Reviewing at the Fringe, as we do every year, we make a point of trying to see as many new acts as possible – but there are some we just cannot allow ourselves to miss and Sarah Kendall definitely belongs in that category. This skilled storyteller from Newcastle Australia really is a spellbinding performer, who never fails to create a fascinating and highly original show. One Seventeen is no exception, even if I’m left a little confused by the relevance of the title.

She wanders out onto the stage and launches straight into a seemingly unconnected series of events, with recollections from her childhood cleverly intercut with more recent observations of her life in London. The subject matter is so disparate – from an attempt to see Halley’s Comet to a friend’s cancer diagnosis – that, at first, you really can’t see how she’s going to tie it all together. But then she does – effortlessly, satisfyingly – utilising incredible skill and just the right amount of pathos, holding the audience in the palm of her hand all the way through.

Kendall isn’t exactly a comedian, though you will laugh out loud at much of what she says. She’s a talented writer who crafts her material with incredible precision. Little wonder she gets nominated for so many awards.

If you’re at the festival this year, don’t miss her. She’s really rather wonderful.

5 stars

Philip Caveney


Edfest Bouquets 2016




It’s been another amazing August for us at Bouquets & Brickbats. We’re exhausted after a month of non-stop theatre and comedy! We have seen some absolutely fantastic stuff, covering a huge range of ideas. Here’s our pick of the best we’ve seen at this year’s Fringe:

Drama Bouquets

  1. Neontopia / Wales Millennium Centre – A Good Clean Heart by Alun Saunders
  2. Aurora Nova – The Blind Date Project by Bojana Novakovic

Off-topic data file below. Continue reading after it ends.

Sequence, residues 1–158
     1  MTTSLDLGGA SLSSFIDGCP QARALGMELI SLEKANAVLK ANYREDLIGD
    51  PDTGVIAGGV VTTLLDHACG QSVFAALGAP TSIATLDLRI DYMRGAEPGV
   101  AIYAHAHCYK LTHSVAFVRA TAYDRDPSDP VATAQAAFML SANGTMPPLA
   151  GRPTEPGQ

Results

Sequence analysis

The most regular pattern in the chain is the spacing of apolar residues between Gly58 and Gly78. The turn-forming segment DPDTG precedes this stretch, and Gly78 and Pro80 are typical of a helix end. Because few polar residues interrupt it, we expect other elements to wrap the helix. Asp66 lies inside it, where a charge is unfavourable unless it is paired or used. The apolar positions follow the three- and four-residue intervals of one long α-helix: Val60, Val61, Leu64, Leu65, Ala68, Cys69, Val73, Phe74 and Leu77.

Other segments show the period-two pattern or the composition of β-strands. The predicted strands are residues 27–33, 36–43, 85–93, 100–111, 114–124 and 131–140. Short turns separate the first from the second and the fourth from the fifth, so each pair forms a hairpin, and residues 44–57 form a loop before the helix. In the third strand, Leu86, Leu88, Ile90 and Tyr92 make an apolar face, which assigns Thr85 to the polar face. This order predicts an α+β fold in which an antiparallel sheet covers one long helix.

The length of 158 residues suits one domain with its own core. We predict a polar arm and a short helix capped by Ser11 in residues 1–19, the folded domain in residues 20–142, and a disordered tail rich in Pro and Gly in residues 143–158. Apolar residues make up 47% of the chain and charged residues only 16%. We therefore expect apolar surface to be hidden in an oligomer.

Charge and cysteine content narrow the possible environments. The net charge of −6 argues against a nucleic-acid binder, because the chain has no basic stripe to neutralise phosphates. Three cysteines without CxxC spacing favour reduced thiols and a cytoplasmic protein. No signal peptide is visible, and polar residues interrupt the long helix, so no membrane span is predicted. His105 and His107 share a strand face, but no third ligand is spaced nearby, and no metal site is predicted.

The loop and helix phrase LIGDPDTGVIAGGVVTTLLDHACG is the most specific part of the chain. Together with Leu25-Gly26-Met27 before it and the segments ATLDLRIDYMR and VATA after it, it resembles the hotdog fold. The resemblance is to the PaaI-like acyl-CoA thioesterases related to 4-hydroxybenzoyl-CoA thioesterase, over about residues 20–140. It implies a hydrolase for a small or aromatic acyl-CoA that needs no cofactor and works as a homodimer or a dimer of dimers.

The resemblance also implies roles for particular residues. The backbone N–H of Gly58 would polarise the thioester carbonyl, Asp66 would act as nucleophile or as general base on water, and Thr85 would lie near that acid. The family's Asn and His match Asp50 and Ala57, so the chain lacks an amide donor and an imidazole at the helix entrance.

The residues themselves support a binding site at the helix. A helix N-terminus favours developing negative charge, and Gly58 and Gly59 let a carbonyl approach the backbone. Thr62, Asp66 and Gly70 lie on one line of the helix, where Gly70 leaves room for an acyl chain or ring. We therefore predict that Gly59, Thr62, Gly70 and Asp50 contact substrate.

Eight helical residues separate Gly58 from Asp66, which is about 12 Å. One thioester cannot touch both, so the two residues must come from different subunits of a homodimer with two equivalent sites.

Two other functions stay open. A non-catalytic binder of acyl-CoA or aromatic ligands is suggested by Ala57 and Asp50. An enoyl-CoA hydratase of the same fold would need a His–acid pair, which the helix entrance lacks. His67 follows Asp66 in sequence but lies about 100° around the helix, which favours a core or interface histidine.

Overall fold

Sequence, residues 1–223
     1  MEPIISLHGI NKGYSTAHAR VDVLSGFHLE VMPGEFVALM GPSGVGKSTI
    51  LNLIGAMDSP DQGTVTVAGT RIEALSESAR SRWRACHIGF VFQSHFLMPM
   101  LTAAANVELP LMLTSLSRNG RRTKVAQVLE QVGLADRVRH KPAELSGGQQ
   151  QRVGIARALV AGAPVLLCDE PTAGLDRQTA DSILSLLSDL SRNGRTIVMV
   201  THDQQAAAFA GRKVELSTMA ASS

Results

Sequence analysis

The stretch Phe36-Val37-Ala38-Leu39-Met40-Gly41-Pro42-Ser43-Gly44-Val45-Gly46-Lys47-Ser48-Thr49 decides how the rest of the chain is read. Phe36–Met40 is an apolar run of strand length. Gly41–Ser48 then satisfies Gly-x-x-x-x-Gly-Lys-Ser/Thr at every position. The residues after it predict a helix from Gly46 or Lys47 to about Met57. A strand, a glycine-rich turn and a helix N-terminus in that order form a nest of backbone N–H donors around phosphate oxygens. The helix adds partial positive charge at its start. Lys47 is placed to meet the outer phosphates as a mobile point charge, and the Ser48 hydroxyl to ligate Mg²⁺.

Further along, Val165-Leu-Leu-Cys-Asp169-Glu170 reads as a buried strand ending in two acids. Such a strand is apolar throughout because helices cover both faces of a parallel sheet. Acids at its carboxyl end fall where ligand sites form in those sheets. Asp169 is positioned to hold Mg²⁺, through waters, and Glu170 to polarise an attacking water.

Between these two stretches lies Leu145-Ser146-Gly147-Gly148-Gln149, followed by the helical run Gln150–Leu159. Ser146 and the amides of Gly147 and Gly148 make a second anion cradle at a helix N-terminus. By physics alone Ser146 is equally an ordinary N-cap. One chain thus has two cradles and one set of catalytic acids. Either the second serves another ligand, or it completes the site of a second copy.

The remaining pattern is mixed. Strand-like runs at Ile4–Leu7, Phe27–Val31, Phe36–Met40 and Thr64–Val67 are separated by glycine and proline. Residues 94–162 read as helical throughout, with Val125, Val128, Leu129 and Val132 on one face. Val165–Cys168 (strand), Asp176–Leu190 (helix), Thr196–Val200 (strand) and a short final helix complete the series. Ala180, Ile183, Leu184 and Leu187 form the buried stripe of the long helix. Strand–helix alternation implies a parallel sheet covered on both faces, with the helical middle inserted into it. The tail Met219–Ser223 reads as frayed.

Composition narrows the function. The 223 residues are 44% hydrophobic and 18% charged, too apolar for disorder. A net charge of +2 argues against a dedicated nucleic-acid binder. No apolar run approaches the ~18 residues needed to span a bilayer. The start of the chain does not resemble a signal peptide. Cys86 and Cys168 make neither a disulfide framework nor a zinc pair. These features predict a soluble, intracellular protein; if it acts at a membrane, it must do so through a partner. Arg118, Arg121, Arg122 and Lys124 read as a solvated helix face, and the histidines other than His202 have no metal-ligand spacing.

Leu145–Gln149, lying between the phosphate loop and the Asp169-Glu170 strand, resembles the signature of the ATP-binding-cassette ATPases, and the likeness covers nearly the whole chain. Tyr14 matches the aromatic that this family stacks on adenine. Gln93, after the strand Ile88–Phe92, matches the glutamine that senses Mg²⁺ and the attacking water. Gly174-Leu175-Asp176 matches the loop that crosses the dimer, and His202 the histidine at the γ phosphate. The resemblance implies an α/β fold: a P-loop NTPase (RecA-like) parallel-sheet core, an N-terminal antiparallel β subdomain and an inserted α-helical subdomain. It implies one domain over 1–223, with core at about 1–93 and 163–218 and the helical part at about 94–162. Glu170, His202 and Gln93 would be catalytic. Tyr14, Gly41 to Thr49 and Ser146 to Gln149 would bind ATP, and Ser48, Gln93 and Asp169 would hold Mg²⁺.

3. Rainbow Class by Vivienne Acheampong
  4. Gaggle Babble / National Theatre Wales – Wonderman by Daf James
  5. Something for the Weekend – Royal Vauxhall by Desmond O’Connor

Monologue Bouquets

  1. NJC Productions – The Way the City Ate the Stars by Will Greenway
  2. George Dillon – Stunning the Punters (& Other Stories) by Berkoff, Sproat and Dostoevsky
  3. Lorenzo Novani – Cracked Tiles by Lorenzo Novani
  4. Impi Theatre Company – The South Afreakins by Robyn Paterson
  5. Berk’s Nest – Vaudeville by Tom Neenan

Stand-up Comedy Bouquets

  1. Bridget Christie – Mortal
  2. Sarah Kendall – Shaken 
  3. Loyiso Gola – Dude, Where’s My Lion?
  4. Garrett Millerick – The Dreams Stuff is Made Of
  5. John Robertson – Arena Spectacular

‘Ones to Watch Out For’ Bouquets

  1. Phosporos Theatre – Dear Home Office
  2. Chris Dugdale – Full Circle
  3. Flabbergast Theatre – Tatterdemalion
  4. Teateri – Evil by Jesper Arin
  5. Amy Howerska – Smashcat

Sarah Kendall: Shaken



Assembly George Square Studios, Edinburgh

I am in awe of Sarah Kendall. Her story-telling skills are extraordinarily good. There is real artfulness in the way she manipulates her audience, expounding all the tricks she employs before using them to full effect. It’s clever, canny stuff – and I love it.